A couple of weeks ago, I visited Ron Cooper at his studio in Ranchos.
I’ve know Ron and his partner, (fellow artist), Sandra Lerner for many years and have profiled Ron here on taoStyle in the past.
But it has been awhile and so much has happened for him since then. The company he started in 1990, Del Maguey, is now world-renowned. The James Beard Award Winning, traditionally prepared and distilled mezcal, is used to craft artisanal cocktails in trendy bars and restaurants internationally – it’s become so popular it’s practically a household name.
Ron Cooper himself found early success as a visual artist with his work evolving out of Southern California’s “Light and Space” and “Finish Fetish” movements of the mid-1960s, and he is recognized as a pivotal artist of that moment
As an artist, Cooper’s work explores color and light using disparate materials including fluorescent light, neon and glass. He has also worked with metal and in recent years, plastic and discarded objects which he incorporated into his Dichos series.
In 2009 Ron Cooper was included in a group exhibition at the Harwood Museum in Taos, curated by his friend Dennis Hopper. (Hopper Curates – Larry Bell, Ron Cooper, Ronald Davis, Ken Price & Robert Dean Stockwell.)
Art continues to be the main focus of Cooper’s life – the day I visited he was on the phone with a New York gallery discussing the sale and shipping of a large piece, but clearly mezcal and cars compete with that possessive muse for the artist’s attention.
He restores and races old cars at various events year ‘round, and at this point has three garages where his cars are kept and worked on.
“I have three hobbies,” he laughed as he told me, “art, mezcal and cars.”
“When I was thirteen, my best friend and I built model cars.” He recalled as we sat together on the long sofa in his studio, surrounded by art (his and other’s), intriguing objects, books and of course, a table filled with bottles of the magical elixir made in Oaxaca.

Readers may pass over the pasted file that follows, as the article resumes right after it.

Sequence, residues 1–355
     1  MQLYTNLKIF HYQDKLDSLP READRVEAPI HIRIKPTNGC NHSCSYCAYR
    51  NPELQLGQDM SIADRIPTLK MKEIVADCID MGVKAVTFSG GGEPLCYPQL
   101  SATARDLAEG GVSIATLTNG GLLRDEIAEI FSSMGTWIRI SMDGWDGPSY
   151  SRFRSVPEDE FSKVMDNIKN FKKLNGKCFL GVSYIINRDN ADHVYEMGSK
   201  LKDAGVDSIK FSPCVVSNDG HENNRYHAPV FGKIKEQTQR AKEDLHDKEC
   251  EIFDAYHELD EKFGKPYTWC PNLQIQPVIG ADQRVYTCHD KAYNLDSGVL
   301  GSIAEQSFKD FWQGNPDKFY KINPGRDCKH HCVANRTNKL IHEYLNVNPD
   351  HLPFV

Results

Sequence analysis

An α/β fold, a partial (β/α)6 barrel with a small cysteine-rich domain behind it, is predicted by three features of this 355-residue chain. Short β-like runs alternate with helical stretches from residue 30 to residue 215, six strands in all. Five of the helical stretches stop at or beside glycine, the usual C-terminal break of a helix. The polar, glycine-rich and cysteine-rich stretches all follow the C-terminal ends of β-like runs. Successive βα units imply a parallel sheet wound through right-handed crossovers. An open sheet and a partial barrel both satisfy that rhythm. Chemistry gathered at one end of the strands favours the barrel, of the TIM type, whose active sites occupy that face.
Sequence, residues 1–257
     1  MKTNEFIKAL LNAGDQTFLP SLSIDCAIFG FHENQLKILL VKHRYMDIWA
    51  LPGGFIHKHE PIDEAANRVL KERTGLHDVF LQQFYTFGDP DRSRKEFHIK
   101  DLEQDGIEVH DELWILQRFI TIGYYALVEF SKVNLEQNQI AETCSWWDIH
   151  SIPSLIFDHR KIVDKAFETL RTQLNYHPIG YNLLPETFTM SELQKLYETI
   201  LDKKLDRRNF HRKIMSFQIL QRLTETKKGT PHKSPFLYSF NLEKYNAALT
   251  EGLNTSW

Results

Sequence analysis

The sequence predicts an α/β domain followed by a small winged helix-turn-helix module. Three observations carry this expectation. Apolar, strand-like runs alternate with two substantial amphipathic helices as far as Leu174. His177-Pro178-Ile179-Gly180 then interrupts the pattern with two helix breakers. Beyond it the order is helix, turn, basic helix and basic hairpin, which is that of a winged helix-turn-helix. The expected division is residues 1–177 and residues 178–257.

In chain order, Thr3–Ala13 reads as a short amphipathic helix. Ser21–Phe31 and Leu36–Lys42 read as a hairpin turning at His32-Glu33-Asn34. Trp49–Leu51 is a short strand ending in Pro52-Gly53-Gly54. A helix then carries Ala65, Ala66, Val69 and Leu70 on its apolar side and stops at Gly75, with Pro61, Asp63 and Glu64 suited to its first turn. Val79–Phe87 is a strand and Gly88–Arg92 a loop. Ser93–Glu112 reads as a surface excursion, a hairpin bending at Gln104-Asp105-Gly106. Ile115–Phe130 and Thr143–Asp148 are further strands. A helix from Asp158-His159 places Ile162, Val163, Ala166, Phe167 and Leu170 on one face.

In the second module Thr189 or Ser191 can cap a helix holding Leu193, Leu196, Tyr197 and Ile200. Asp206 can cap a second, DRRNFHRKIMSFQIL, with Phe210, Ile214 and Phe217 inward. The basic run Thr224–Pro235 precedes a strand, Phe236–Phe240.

Cooper discovered mezcal (he says it “found” him), while still a Chouinard art student on a road trip with a few friends, to Ensenada, a sleepy surf town south of the border. They camped on the beach, surfed and partied. On one of those evenings Cooper first tasted mezcal.
“It was love at first sip,” he told me.
it would be almost a decade before Cooper would try mezcal again. By the early ’70s, his work was in LA’s hippest galleries, and with money in the bank and time on his hands, together with two friends, they bought a VW bus and headed for Panama, stopping along the way to explore a renowned weaving village in Oaxaca,
It didn’t take long for him to realize he was in the heart of mezcal country and a life long love affair with both the liquor and the land, began.
He’ll be back in LA this summer for a book signing at the Gogosian Gallery – his book, co-written with acclaimed Food & Beverage writer, Chantal Martineau, is out on the shelves now.
Finding Mezcal recounts Cooper’s love affair with the spirit and the people who make it; its meteoric rise in popularity; and the delicate balance between sharing mezcal with the world and facilitating its preservation.
So reads the promo for the book, which Ron drops into my lap so I can feel its weight.
“It’s heavy.” He smiled.
In more ways than one.